(2) saying: “There was in a certain city a judge who did not fear God nor regard man. (3) Now there was a widow in that city; and she came to him, saying, ‘Get justice for me from my adversary.’ (4) And he would not for a while; but afterward he said within himself, ‘Though I do not fear God nor regard man, (5) yet because this widow troubles me I will avenge her, lest by her continual coming she weary me.'” (6) Then the Lord said, “Hear what the unjust judge said. (7) And shall God not avenge His own elect who cry out day and night to Him, though He bears long with them? (8) I tell you that He will avenge them speedily. Nevertheless, when the Son of Man comes, will He really find faith on the earth?”
Copyright © 1982 by Thomas Nelson, Inc.
Jesus compares God, not with a good man, but with a godless man to emphasize the vast difference between this unjust judge and the righteous God. The conduct of the unjust judge exposes the chaotic and corrupt judgments in which he had prostituted himself. No one can compel him to do anything because he feels no regard for anyone, including God. He acts purely out of self-interest. Yet, if this unjust judge could avenge a widow whom he distained, how much more will the righteous God avenge his elect (Jeremiah 11:20)?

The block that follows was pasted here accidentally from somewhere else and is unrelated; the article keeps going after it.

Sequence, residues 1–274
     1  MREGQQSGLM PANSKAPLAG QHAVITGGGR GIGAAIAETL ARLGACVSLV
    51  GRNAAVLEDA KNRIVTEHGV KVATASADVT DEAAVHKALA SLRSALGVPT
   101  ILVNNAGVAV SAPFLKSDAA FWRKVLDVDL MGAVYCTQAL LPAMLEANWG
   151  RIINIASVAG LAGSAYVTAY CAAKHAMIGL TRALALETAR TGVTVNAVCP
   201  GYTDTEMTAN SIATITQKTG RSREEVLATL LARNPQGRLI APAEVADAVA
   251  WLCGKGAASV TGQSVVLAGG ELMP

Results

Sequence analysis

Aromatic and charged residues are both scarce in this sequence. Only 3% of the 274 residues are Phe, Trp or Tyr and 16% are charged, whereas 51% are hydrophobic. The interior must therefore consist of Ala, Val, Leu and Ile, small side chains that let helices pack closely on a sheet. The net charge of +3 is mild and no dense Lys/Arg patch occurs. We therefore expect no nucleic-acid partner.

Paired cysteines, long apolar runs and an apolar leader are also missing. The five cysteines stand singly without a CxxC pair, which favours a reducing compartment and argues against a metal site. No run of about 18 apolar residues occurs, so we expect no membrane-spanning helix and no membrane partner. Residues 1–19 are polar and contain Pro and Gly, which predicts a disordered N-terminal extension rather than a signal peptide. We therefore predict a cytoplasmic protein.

This parable reveals God’s willingness to hear and answer the supplications of His elect (Luke 18:7), responding when they are offered according to His will. The word “avenge” (verses 5, 7-8) implies the working out of His vengeance in justice, not in retaliation. If God’s elect are wrongly treated, they can be sure of vindication. So, if the unjust judge because of a selfish irritation avenges a troublesome widow, how much more will the selfless God come to our aid? We can expect substantially better treatment from a God of lovingkindness than from a heartless judge.
The widow, who speaks only five words, does not prevail because of her persuasive plea but because of her persistence. Sometimes too many words reveal a scarcity of desire or a lack of purpose. Jesus tells us long prayers and useless repetitions will not make God hear us any better (Matthew 6:7). He already knows our needs (verse 8).
God has assured us that He hears and answers prayer. We must have the faith of Christ that God can provide what we need, enjoys hearing us ask according to His will, and desires to give us abundantly what we should have.
Martin G. Collins
From Parable of the Persistent Widow
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